The mysterious murder of an environmental activist leads her straight-laced father, an Inspector of the local police force, through a haunting revelation of the murkiness of the British ... See full summary »

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Complete series cast summary:
 Ronald Craven (6 episodes, 1985)
 Darius Jedburgh (6 episodes, 1985)
 Pendleton (6 episodes, 1985)
 Harcourt (5 episodes, 1985)
 Emma Craven (5 episodes, 1985)
 Bennett (4 episodes, 1985)
 Ross (4 episodes, 1985)
Jack Watson ...
 James Godbolt (4 episodes, 1985)
 Chilwell (4 episodes, 1985)
Kenneth Nelson ...
 Grogan (3 episodes, 1985)
David Fleeshman ...
 Jones (3 episodes, 1985)
 Clemmy (3 episodes, 1985)
Bill Stewart ...
 Dingle (3 episodes, 1985)
T.R. Bowen ...
 Childs (3 episodes, 1985)
Imogen Staley ...
 Young Emma (3 episodes, 1985)
Paul Humpoletz ...
 Elham (2 episodes, 1985)
Sarah Martin ...
 Polly Pelham (2 episodes, 1985)
Paul Williamson ...
 Bewes (2 episodes, 1985)
 Terry Shields (2 episodes, 1985)


The mysterious murder of an environmental activist leads her straight-laced father, an Inspector of the local police force, through a haunting revelation of the murkiness of the British Nuclear Policy of the eighties. Written by Bryn Coope <>

Plot Summary | Add Synopsis


The cult 80s eco-thriller starring Bob Peck and Joanne Whalley.


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Release Date:

4 August 1986 (USA)  »

Also Known As:

A sötétség pereme  »

Company Credits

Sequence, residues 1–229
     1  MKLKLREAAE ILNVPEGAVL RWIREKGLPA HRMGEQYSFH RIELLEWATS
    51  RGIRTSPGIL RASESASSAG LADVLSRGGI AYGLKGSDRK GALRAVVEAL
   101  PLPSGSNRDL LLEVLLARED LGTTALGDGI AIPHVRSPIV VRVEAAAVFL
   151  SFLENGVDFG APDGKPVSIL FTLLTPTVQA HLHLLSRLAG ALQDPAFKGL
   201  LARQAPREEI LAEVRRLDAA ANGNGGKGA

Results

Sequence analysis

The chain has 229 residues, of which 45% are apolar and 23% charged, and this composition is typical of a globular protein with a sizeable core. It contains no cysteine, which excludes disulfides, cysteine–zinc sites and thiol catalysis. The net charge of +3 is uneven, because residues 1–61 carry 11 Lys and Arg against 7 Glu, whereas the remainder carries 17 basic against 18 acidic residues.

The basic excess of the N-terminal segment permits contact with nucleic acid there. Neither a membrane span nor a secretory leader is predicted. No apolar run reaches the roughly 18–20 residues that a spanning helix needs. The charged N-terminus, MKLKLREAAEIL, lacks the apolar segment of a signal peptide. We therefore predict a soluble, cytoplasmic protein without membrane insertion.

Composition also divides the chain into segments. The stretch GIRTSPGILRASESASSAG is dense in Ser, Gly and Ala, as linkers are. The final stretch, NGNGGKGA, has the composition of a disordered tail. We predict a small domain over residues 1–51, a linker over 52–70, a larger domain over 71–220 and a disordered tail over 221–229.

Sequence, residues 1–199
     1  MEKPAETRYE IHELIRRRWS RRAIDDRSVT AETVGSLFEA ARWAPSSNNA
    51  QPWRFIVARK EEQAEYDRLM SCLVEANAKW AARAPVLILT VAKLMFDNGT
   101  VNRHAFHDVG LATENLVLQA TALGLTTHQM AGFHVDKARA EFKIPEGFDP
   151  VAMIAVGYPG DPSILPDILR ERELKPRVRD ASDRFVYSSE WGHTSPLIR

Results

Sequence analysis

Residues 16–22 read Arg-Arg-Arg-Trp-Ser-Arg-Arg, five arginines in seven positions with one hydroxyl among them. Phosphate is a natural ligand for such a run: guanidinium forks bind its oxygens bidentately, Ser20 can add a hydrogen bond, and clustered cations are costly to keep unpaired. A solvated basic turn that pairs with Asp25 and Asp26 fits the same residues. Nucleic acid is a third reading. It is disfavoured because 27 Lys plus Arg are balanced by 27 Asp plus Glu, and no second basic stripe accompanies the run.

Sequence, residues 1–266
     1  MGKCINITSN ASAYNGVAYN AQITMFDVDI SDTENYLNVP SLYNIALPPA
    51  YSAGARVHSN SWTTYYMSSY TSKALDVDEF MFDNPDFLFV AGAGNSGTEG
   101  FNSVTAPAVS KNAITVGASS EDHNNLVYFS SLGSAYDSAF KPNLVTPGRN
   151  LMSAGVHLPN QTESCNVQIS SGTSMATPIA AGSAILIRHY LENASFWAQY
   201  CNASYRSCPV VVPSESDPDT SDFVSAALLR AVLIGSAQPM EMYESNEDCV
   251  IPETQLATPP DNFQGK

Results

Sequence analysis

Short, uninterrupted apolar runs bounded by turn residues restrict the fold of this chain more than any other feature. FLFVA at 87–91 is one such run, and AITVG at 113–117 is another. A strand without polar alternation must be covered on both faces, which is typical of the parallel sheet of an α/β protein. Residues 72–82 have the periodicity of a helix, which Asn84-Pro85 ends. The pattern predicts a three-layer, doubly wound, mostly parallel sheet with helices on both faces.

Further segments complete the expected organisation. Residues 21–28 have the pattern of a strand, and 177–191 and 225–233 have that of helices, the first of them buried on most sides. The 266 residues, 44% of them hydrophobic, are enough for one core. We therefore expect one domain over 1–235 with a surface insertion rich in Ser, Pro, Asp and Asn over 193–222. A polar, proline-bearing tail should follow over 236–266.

Show detailed on  »

Technical Specs


(6 parts) | (video)

Sound Mix:


Aspect Ratio:

1.33 : 1
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Did You Know?


Joanne Whalley was the same age as Emma Craven in 1985. See more »


Emma Craven: Millions of years ago when the Earth was cold, it looked like life on the planet would cease to exist. But black flowers began to grow, multiplying across the landscape until the entire surface was covered in blooms. Slowly, the blackness of the flowers sucked in the heat of the sun and life began to evolve again. That is the power of Gaia. The planet will protect itself. If man is the enemy, it will destroy him.
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Remade as Edge of Darkness (2010) See more »


Edge of Darkness
Eric Clapton
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User Reviews

Beyond words. One of the most remarkable pieces of television ever.
19 November 2009 | by (United States) – See all my reviews